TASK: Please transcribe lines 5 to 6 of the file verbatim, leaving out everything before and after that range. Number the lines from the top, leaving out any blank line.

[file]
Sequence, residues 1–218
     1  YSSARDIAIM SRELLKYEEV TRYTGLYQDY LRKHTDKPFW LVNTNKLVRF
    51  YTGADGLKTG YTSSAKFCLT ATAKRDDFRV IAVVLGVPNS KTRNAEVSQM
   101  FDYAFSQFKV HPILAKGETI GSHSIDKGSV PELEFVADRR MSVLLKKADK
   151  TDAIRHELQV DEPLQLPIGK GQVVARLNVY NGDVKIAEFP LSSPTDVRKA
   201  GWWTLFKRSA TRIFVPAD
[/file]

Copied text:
   151  TDAIRHELQV DEPLQLPIGK GQVVARLNVY NGDVKIAEFP LSSPTDVRKA
   201  GWWTLFKRSA TRIFVPAD